The number of properties sold in the middle to higher brackets have fallen by some 40% resulting in Stamp Duty, derived from sales above £1.5million from April to November last year, being down by £440million. How many hospitals and schools could this provide?
Isn’t it ironic, that the main plank of the former Chancellor Osborne’s fiscal discipline was to produce a Budget surplus in 2020, which has now been revised by Mr. Hammond, to approximately £20bn and 50% of this, according to the OBR, will be due to lower Stamp Duty Receipts; which was Osborne’s folly.
Well, ‘Houdini George’ seems to have managed to keep our deficit reduction plans on target by the end of the Electoral Term with a small surplus thanks to Tax Receipts that are greater than expected. Whether these will be recalculated along the way who knows? One hopes that the Chancellor has not been imprudent here by assuming that all is ‘well with the world’.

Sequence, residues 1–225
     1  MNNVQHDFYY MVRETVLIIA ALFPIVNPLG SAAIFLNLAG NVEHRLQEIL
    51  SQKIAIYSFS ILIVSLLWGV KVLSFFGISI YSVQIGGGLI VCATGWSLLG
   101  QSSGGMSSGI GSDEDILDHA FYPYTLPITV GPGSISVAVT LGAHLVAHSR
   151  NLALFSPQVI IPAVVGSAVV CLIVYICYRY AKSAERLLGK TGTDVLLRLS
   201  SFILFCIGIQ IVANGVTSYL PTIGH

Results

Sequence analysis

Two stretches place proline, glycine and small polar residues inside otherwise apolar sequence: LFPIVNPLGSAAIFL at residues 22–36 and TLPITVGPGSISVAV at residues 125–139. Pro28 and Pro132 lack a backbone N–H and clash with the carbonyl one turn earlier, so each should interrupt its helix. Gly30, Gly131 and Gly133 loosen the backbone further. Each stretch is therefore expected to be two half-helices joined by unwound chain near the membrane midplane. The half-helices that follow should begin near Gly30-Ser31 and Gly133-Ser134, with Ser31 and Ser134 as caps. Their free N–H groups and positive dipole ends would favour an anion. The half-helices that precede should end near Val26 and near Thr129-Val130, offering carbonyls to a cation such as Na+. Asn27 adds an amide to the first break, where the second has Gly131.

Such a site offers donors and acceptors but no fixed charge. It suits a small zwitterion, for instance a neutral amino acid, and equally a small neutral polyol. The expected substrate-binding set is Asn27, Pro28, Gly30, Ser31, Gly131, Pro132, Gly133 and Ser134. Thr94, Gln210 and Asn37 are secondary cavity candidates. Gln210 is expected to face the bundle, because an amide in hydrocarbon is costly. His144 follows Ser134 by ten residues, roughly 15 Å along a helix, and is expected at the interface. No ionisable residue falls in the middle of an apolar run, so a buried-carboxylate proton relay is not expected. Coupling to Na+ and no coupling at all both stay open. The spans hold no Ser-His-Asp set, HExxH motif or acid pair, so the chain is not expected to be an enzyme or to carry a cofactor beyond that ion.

Education and Healthcare were ring-fenced as expected and Defence spending meets our NATO commitment of 2% of GDP as promised. Everything was ‘rosy in the garden’ until the subject of Housing was brought up. Read more
I am certain that you have a lot to do before next Wednesday’s Autumn Statement and I am sure you are mindful that you are not only our esteemed Chancellor, but you could be Prime Minister Elect.
There are a few issues that need your urgent attention.
Firstly, despite what you read in the headlines, the Residential Property Market in London beyond £1.5million is grinding to a halt. I know you are not ordinarily concerned about deflation in prices of the more expensive properties in this sector for the moment but, if there is a full-blown recession, it may come up and ‘bite you on the bottom’. Read more